weights (weight per unit length, area, or volume) of the

materials used in the construction.

Hydrostatic analysis is the next most common form

of evaluation of ship geometry. At root, hydrostatics is

the evaluation of forces and moments resulting from the

variable static fluid pressures acting on the exterior surfaces

of the vessel and the interior surfaces of tanks, and

the static equilibrium of the vessel under these and other

imposed forces and moments. Archimedes’ principle

shows that the hydrostatic resultants can be accurately

calculated from the volumes and centroids of solid

shapes. Consequently, the representation of ship geometry

for purposes of hydrostatic analysis can be either as

surfaces or as solids, but solid representations are far

more commonly used. The most usual solid representation

is a series of transverse sections, each approximated

as a broken line (polyline).

Structural analysis is the prediction of strength and

deformation of the vessel’s structures under the loads

expected to be encountered in routine service, as well as

extraordinary loads which may threaten the vessel’s integrity

and survival. Because of the great difficulty of

stress analysis in complex shapes, various levels of approximation

are always employed; these typically involve

idealizations and simplifications of the geometry.

At the lowest level, essentially one-dimensional (1-D),

the entire ship is treated as a slender beam having crosssectional

properties and transverse loads which vary

with respect to longitudinal position. At an intermediate

level, ship structures are approximated by structural

models consisting of hundreds or thousands of (essentially

1-D and 2-D) beam, plate, and shell finite elements

connected into a 3-D structure. At the highest level of

structural analysis, regions of the ship that are identified

as critical high-stress areas may be modeled in great detail

with meshes of 3-D finite elements.

Hydrodynamic analysis is the prediction of forces,

motions, and structural loads resulting from movement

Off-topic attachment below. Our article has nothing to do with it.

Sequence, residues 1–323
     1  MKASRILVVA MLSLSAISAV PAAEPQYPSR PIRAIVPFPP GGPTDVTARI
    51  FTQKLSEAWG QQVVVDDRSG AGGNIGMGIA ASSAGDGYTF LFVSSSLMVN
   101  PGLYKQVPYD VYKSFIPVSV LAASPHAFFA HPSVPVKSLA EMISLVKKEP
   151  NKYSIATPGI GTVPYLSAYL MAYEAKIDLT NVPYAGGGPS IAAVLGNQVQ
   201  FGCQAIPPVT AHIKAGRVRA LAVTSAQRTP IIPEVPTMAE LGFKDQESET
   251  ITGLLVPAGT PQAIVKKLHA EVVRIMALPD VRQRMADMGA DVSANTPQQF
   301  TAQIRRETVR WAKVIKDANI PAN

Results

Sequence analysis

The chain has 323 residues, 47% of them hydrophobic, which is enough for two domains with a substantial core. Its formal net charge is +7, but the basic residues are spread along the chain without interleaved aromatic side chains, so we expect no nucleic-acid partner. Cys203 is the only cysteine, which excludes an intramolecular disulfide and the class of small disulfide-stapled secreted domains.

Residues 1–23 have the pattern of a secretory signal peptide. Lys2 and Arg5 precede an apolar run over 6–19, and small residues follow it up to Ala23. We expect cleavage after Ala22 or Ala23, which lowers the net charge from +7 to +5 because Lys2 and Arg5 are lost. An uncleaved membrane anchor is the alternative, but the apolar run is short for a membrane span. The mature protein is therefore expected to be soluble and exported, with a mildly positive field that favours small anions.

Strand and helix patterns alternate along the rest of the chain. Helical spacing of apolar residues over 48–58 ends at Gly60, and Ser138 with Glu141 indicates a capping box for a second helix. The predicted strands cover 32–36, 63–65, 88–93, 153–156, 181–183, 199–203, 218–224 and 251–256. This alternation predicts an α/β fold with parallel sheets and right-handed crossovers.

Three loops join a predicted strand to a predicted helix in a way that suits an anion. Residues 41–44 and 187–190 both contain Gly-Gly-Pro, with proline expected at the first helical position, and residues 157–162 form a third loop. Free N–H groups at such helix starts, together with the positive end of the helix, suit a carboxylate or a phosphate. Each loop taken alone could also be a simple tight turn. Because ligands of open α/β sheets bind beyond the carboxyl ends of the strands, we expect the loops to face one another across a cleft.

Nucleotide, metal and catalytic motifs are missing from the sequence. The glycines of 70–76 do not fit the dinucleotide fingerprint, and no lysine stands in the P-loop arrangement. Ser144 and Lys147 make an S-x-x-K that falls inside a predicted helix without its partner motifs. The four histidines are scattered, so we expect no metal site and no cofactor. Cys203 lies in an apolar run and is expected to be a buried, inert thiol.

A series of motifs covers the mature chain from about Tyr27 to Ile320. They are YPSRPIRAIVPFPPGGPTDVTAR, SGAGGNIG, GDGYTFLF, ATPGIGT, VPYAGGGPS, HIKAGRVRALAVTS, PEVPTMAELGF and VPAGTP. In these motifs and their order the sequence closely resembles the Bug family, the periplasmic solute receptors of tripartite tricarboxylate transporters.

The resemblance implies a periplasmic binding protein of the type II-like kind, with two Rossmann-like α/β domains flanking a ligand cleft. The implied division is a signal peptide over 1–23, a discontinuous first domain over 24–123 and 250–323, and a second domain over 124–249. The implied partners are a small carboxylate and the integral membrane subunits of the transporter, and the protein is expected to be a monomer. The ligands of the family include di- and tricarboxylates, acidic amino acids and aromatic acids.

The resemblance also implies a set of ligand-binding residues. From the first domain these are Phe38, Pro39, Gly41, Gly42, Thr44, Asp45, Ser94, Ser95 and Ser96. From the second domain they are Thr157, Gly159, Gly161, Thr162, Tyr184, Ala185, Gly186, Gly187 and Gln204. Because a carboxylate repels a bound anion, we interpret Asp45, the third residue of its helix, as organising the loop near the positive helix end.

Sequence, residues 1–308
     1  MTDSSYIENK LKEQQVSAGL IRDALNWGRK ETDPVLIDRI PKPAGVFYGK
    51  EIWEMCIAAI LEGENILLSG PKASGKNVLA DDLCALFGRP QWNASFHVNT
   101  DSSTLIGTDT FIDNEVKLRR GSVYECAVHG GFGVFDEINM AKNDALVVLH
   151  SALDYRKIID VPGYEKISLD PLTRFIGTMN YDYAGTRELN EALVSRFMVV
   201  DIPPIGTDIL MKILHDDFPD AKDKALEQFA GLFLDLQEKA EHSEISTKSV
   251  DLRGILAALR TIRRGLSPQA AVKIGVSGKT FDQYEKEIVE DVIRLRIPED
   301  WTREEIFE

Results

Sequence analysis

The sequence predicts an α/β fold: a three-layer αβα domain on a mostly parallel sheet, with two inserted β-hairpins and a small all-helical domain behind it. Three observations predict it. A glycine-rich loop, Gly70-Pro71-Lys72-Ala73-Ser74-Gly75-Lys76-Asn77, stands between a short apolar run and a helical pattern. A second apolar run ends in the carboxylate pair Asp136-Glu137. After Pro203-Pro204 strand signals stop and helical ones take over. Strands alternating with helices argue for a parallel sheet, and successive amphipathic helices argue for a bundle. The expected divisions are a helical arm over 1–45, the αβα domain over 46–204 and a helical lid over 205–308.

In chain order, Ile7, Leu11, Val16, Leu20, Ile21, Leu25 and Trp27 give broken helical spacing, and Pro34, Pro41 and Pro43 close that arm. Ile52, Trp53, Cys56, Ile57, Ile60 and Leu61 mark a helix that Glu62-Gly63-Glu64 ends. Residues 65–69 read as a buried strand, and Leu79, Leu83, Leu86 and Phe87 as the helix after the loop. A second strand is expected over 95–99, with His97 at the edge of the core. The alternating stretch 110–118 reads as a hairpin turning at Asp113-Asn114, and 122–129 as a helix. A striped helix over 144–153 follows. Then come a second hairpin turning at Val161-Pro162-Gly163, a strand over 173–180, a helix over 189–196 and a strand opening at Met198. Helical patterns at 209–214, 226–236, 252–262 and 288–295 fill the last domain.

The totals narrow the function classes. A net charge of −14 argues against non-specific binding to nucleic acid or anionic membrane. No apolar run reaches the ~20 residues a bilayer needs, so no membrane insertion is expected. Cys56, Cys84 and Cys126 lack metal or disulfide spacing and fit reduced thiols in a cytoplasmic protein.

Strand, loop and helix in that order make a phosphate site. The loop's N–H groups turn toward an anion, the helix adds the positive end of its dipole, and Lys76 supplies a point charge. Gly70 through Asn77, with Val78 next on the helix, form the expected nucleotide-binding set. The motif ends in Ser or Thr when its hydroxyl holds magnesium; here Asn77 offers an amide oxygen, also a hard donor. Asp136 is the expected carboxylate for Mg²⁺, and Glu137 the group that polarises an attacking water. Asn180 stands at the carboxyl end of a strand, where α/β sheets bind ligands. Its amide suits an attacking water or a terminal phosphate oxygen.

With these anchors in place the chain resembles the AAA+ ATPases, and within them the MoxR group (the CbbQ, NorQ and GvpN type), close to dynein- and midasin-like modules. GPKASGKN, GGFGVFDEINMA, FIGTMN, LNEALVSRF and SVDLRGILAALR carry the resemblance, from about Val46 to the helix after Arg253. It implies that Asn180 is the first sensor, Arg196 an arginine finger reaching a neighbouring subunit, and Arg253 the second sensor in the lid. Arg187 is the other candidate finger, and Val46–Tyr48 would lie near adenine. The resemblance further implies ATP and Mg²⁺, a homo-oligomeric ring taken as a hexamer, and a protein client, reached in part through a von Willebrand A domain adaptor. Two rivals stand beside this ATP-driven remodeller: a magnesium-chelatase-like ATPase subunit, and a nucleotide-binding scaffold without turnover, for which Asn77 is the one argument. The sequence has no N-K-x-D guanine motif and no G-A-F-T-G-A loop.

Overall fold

of the ship through the water, and movement of water

around the ship, including effects of waves in the ocean

environment. Hydrodynamic analysis is very complex,

and always involves simplifications and approximations

of the true fluid motions, and often of the ship

geometry. The idealizations of “strip theory” for seakeeping

(motions in waves) and “slender ship theory”

for wave resistance allow geometric descriptions consisting

of only a series of cross-sections, similar to a

typical hydrostatics model. More recent 3-D hydrodynamic

theories typically require discretization of the

wetted surface of a ship and, in some cases, part of the

nearby water surface into meshes of triangular or

quadrilateral “panels” as approximate geometric inputs.

Hydrodynamic methods that include effects of

viscosity or rotation in the water require subdivision of

part of the fluid volume surrounding the ship into 3-D

finite elements.

Other forms of analysis, applied primarily to military

vessels, include electromagnetic analysis (e.g., radar

cross-sections) and acoustic and thermal signature

analysis, each of which has impacts on detection and

survivability in combat scenarios.

1.1.3 Classification and Regulation. Classification

is a process of qualifying a ship or marine structure for

safe service in her intended operation. Commercial ships

may not operate legally without approval from governmental

authorities, signifying conformance with various

regulations primarily concerned with safety and

environmental issues. Likewise, to qualify for commercial

insurance, a vessel needs to pass a set of stringent

requirements imposed by the insurance companies.

Classification societies exist in the major maritime countries

to deal with these issues; for example, the American

Bureau of Shipping in the United States, Lloyds’ Register

in the U.K., and the International Standards Organization

in the European Union. They promulgate and administer

rules governing the design, construction, and maintenance

of ships.


THE GEOMETRY OF SHIPS 3

Although final approvals depend on inspection of the